Christopher Columbus, considered the first European to see cocoa beans, first tasted cocoa in Nicaragua, on his fourth voyage to the New World, in 1502, but was not impressed. It remained for another Spanish explorer, Heman Cortes, to introduce the chocolate drink to the Spanish court. The drink was pungent and bitter, so the Spaniards added sugar and vanilla to it. These additions made the drink much more palatable and it quickly became very popular at court and in high society.
The chocolate itself, during those early days in Spain, was prepared by monks in their cloisters; this preparation became a hallowed tradition. Monastery kitchens had long served as workshops for the creation of delicious new recipes; now the good brothers worked toward perfecting the roasting and grinding of cocoa beans, themselves growing fond of a cup of the fragrant, steaming brew. Today you can order the world’s best gourmet hot cocoa at http://126.96.36.199//users/s/cocoa/.
Spain began to plant more and more cocoa overseas, but kept its preparation a secret for most of the 16th century. In the Atlantic battles of the time, when a Spanish frigate was captured by Dutch or English ships, the boarding sailors would scavenge everything of value but toss into the sea the nameless, meaningless cocoa beans they found. They had no idea that those “worthless” beans were a highly taxed luxury item in Spain.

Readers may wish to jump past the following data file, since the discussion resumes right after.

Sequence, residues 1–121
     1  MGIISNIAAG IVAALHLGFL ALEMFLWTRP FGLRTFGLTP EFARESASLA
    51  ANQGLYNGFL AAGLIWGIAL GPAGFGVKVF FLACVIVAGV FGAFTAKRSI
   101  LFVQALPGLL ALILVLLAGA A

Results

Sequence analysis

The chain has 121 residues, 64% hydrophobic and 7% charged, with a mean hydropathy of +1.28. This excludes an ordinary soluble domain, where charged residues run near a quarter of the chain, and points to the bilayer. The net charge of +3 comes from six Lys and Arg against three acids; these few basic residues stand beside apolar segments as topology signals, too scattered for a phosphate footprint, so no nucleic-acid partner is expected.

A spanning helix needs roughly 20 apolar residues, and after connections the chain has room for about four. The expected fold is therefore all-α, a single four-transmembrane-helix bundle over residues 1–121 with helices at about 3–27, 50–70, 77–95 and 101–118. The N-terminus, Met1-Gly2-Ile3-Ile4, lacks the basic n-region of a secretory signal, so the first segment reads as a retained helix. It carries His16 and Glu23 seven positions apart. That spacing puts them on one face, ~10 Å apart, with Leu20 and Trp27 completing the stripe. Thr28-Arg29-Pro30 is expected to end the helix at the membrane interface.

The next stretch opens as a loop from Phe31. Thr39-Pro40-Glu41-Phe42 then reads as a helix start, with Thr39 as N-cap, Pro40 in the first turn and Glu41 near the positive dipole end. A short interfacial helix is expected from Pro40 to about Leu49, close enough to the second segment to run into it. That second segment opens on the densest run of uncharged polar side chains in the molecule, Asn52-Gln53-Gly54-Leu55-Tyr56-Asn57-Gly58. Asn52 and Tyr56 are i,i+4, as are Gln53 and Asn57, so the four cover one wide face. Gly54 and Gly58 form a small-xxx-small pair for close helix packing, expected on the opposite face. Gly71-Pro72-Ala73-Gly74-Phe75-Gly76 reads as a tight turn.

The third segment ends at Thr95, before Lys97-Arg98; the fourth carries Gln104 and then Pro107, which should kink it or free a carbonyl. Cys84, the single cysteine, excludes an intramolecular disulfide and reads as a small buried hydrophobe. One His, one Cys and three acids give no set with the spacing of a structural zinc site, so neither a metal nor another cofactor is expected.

But little by little, word of the new drink began to trickle out. Travelers came to Madrid to sample its elegancies, among them the sipping of chocolate. An Italian named Antonio Carletti took the custom home with him and Italy embarked on its long, inventive way with chocolate. From then on, the drink spread throughout Europe.
When Anne of Austria married Louis XIII of France she brought her own chocolate with her; when the Spanish princess Marie Therese married Louis XIV, chocolate was drunk at court, a royal chocolate maker was appointed and chocolate drinking became the rage.
Coffee houses, which were already established meeting places in England, were now joined by chocolate houses. These places were precursors of our present day cafes and bars, and they were frequented by politicians, writers and socialites.
In 1828, a quest for a better beverage resulted in a real breakthrough when a Dutch chemist named Coenraad van Houten invented a screw press that squeezed out about two-thirds of the cocoa butter and left “chocolate powder”—or, as it has been known ever since, cocoa—the basis of a drink with almost all the familiar savor of chocolate but none of the overrichness. Next he ended the use of coloring agents used to deepen the color of chocolate by inventing the process, called “dutching” in his honor, still in use today. Cocoa is now treated with alkali to neutralize its acidity, mellow its color and flavor and render it more soluble in liquids.
Chocolate makers began to consider what to do with those heaps of cocoa butter. Richness, undesirable in a drink, might be exceedingly desirable in something to eat. The Bristol firm of Fry & Sons, which had been producing the drinking variety since 1728, introduced “eating chocolate” in 1847 by combining the extracted cocoa butter with the chocolate liquor and sugar. Then in 1875 in Switzerland, Daniel Peter added condensed milk to chocolate and marketed the first solid milk chocolate bar. The reign of the world’s happiest nibble had begun.